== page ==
Use this URL to cite or link to this record in EThOS: http://ethos.bl.uk/OrderDetails.do?uin=uk.bl.ethos.486745
Title: The influence of social phobia in first episode of psychosis and attentional processing and the ability to use theory of mind
Author: Ononaiye, Margarita Sylvia Pearl
Awarding Body: University of Sheffield
Current Institution: University of Sheffield
Date of Award: 2007
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Abstract:
Chapter One: Literature Review This chapter reviews the research surrounding the prevalence of comorbid social phobia in people diagnosed with schizophrenia. It then critically evaluates the eight studies that have specifically explored the relationships, if any, between social phobia and psychotic symptoms. The review surmises that the research findings are inconsistent, which seem to be attributable to methodological differences between all the studies in terms of participant selection, chronicity of psychotic symptoms and lack of consistent measures. Chapter Two: Research Report This study investigates attentional processing, the influence of social phobia and the ability to use Theory of Mind (ToM: the ability to infer other people's mental states and behaviour) in people diagnosed with their first episode of psychosis, when compared to healthy matched controls. The results showed that the first episode group attended towards negative evaluation, somatic sensations, physical threat, but not social situation word groups. Social phobia was highly prevalent in the first episode of psychosis cohort (37%) and this anxiety disorder was unrelated to psychotic symptoms. ToM processing was impaired in the first episode group. ToM was not related to social phobia symptoms, but was related to social functioning. Chapter Three: Critical Appraisal This section presents an overview of the experiences and personal reflections of the work that constitutes this thesis and includes the main personal learning points.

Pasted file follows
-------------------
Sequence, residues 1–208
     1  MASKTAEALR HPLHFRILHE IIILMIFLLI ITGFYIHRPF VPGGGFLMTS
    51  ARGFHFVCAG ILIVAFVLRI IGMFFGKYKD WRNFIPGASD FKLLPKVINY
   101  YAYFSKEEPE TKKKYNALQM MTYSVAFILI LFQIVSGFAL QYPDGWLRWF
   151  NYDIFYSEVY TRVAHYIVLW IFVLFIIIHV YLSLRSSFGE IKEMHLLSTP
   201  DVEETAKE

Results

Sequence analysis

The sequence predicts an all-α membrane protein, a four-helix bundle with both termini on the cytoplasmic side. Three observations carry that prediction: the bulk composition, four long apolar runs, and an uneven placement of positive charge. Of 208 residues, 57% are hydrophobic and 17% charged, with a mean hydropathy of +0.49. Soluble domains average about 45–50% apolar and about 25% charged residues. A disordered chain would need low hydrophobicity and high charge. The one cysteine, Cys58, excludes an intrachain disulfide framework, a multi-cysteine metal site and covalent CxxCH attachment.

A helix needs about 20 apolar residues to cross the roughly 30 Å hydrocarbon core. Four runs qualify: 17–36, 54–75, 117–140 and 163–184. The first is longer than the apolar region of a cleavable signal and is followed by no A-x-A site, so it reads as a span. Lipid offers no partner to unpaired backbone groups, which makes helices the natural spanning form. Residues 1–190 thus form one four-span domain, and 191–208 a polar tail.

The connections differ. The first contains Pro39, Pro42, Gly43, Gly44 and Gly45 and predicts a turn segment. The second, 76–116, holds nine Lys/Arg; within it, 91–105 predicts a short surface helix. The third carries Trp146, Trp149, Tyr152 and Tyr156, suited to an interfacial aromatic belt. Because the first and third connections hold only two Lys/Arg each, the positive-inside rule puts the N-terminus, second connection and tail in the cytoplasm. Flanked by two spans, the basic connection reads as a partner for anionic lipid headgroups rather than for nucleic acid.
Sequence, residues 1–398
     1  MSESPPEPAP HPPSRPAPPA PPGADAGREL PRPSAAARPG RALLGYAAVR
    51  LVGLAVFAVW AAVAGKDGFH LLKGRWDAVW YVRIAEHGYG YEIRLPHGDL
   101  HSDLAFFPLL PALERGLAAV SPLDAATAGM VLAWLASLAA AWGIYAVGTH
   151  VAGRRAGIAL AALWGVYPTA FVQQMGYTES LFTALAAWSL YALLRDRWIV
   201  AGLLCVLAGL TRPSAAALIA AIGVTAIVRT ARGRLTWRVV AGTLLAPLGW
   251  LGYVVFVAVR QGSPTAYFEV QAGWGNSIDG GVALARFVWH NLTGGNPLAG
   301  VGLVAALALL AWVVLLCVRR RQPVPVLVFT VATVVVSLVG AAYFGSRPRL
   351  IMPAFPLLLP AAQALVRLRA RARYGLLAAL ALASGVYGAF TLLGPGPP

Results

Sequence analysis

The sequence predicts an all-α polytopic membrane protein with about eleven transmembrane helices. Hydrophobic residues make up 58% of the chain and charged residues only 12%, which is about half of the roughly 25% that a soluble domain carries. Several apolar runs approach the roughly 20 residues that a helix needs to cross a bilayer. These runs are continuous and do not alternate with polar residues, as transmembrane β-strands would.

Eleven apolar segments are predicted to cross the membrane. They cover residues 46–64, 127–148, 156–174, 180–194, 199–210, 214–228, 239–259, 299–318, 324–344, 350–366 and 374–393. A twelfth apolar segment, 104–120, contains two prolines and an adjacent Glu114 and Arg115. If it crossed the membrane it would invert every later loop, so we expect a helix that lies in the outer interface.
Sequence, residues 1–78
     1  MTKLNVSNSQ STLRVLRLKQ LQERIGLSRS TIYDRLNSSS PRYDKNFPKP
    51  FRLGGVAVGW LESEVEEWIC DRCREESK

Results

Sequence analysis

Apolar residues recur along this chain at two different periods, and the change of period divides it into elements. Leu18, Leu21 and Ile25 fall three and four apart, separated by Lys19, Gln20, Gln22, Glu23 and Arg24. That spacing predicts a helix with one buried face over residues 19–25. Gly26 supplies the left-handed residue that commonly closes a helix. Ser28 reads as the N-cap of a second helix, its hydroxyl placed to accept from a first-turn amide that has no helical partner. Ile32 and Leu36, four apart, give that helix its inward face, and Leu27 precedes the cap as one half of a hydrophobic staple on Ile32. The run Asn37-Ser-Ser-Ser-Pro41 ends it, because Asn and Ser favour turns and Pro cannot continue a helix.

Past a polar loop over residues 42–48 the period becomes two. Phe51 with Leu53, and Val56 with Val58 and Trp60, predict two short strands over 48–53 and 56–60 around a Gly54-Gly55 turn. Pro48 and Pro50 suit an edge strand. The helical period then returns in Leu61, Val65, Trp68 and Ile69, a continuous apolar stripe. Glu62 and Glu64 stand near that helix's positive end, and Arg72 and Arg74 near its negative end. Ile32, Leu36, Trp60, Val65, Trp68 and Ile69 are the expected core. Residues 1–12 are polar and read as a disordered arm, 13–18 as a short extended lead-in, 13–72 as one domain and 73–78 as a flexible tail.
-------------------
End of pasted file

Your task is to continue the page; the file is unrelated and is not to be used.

Supervisor: Not available Sponsor: Not available
Qualification Name: Thesis (D.Clin.Psy.) Qualification Level: Doctoral
EThOS ID: uk.bl.ethos.486745  DOI: Not available
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